Check out tax traps in negative equity deal
Published 17/02/2012 | 05:00
It's good news that some couples trapped in heavily mortgaged homes will be allowed to trade up to houses that can accommodate growing families.
However, such people in negative equity need to weigh up other factors including the possible loss or gain of mortgage tax relief.
The example has been given of someone who originally borrowed €300,000 and subsequently got married. With both partners contributing towards paying down the mortgage, they paid off €90,000 on the original loan.
Nevertheless, they still owe €210,000 for a flat that is now worth only €150,000. This means they are €60,000 in negative equity. So even if they sell for €150,000 they will still owe €60,000 on the old mortgage.
Nevertheless, the bank may still approve them for a new mortgage to buy a family house for €240,000.
So the €60,000 they owe the bank would be added to the new mortgage, which would then amount to €300,000 or 25pc more than their new house is worth.
That would be in line with the new, 125pc loan-to-value limit which Bank of Ireland is setting for such mortgages.
With a €300,000 mortgage, such a couple would also qualify for tax relief at €900 per year or €5,400 over the the six years to 2017 when the tax relief ends.
A single person trading up with a €300,000 mortgage could claim €2,700 tax relief over the next six years if they buy before the end of this year.
Of course such buyers would also need to budget for costs such as stamp duty and legal fees.
For any existing home owners who trade up or down before the end of the year, they can get 15pc of the mortgage interest bill back from the taxman - amounting to up to €36,000 for a couple over the first six years of a new mortgage.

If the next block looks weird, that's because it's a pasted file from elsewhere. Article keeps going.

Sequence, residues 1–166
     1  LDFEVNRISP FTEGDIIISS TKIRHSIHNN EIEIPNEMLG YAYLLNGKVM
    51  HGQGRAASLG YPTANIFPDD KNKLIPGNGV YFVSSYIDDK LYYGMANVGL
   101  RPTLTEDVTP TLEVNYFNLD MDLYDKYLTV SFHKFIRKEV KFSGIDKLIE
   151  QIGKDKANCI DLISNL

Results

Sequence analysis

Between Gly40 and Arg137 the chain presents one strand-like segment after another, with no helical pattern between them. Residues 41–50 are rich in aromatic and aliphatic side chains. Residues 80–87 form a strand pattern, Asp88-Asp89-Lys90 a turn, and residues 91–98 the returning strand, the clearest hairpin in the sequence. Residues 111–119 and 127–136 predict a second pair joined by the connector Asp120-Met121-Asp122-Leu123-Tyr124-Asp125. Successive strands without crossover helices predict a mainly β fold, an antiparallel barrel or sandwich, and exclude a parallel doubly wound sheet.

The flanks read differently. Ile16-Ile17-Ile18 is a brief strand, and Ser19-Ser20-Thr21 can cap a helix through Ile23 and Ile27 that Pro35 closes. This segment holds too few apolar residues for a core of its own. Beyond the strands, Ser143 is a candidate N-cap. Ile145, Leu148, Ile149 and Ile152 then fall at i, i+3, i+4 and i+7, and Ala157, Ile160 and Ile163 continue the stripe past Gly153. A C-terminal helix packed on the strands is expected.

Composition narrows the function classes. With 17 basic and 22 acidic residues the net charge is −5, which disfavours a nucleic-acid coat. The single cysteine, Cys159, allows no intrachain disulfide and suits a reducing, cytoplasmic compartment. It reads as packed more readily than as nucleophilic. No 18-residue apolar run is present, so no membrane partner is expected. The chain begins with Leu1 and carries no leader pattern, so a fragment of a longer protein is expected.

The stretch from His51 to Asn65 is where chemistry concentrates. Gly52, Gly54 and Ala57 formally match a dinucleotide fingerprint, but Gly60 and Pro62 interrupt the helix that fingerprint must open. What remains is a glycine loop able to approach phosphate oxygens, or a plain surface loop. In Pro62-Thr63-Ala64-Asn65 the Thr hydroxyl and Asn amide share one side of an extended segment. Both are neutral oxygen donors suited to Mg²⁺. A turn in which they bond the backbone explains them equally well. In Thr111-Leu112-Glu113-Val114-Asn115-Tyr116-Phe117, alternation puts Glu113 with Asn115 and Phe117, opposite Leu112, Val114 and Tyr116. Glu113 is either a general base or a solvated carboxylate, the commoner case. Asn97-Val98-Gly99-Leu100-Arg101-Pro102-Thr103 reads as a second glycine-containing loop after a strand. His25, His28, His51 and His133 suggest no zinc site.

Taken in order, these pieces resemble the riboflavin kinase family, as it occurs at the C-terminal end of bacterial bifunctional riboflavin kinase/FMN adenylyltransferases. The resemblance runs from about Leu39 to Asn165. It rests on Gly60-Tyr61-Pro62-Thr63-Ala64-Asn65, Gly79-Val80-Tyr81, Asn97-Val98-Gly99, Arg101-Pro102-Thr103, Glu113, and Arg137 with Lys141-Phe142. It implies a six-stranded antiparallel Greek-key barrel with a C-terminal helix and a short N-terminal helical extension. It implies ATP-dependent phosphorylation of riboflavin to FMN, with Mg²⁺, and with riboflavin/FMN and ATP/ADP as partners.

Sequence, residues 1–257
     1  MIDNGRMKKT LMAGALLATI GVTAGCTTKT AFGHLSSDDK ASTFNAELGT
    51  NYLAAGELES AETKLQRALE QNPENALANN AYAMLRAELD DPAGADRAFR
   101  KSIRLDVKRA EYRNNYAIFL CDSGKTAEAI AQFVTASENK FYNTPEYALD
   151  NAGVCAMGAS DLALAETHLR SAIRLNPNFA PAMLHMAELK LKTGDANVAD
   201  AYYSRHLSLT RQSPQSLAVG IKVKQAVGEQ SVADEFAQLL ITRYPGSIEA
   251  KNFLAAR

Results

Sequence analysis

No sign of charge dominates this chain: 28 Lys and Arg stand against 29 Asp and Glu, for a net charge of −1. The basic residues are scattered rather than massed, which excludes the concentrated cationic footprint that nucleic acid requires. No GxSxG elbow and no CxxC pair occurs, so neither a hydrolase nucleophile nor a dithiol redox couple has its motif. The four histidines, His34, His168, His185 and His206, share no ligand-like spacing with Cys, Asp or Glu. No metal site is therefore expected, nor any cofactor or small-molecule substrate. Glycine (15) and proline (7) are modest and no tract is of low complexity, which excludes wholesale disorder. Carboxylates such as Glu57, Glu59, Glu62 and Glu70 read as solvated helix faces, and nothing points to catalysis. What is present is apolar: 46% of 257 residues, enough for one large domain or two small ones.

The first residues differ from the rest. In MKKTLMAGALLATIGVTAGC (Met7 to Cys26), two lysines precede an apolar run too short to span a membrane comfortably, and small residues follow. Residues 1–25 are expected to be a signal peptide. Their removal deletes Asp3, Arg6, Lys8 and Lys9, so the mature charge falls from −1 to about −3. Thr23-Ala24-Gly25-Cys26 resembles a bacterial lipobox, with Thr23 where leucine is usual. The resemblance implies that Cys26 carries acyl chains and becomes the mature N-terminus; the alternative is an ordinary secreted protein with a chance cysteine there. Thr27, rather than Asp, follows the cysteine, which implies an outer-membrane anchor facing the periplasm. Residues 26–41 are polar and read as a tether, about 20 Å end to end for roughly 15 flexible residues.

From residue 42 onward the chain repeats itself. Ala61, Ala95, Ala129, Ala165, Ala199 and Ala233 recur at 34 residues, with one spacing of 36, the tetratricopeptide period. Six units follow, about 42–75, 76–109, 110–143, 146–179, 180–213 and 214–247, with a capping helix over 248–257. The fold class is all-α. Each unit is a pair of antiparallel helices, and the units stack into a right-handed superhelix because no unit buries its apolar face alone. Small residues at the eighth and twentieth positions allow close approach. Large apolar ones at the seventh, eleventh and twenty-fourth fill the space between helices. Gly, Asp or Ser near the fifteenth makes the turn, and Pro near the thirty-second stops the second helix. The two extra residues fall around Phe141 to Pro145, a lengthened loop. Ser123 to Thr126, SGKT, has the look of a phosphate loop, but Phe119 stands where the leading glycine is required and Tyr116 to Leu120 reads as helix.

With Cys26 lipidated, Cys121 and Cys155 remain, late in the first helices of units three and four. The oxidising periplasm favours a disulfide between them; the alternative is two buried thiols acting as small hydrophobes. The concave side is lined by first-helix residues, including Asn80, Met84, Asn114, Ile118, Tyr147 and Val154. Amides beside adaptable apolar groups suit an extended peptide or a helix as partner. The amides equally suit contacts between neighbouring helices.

That is especially beneficial to those who are in negative equity and who bought before 2004. Such people lost out in the recent Budget tax relief for those in negative equity who bought between 2004 and 2008.
But the 2004 -2008 mortgage holders could lose out on this extra mortgage tax relief if they trade up. Instead of being able to claim relief at rates of between 30 and 22pc over the six years, their tax relief rate would drop to only 15pc.
However if they delay trading up until 2013 then they would lose out on any mortgage interest tax relief. They also need to consider the extra costs involved in moving from a tracker to a fixed or variable rate mortgage.
Like anyone seeking a mortgage, couples in negative equity need to prepare well in advance. Not alone will they have to persuade their banks that they can afford to pay the increased mortgage but they will also have to sell their existing house before they move on.
That can take months -- unless they are able to take a severe haircut and spend money on marketing the property in order to achieve a quick sale.
One option is to go the auction route for a quick sale but they might get a better price with a private treaty sale, which gives a prospective buyer of their home more time to line up a mortgage. A private treaty sale can sometimes add 10pc to the price.
So they need to consider how quickly they wish to sell and in particular whether the extra mortgage interest relief is vital towards the affordability of the move.
So far, only customers of Bank of Ireland and Permanent TSB are expected to get approval for the new negative equity-type mortgages.
Banks will restrict these loans to buyers who can demonstrate good track records for making regular repayments and have a good credit record with their credit cards, etc.
Homeowners who may be tempted to take voluntary redundancy in order to use a lump sum to pay down mortgages should be wary. Even if they move into a new job fairly quickly they may not have sufficient time served in the new job to satisfy the banks of the their job security.
Buyers also need to check out all these with a mortgage broker and the Revenue Commissioners before making any moves. In particular they need to get advice before selling their existing home in a market where future local price and rental trends may differ from national trends.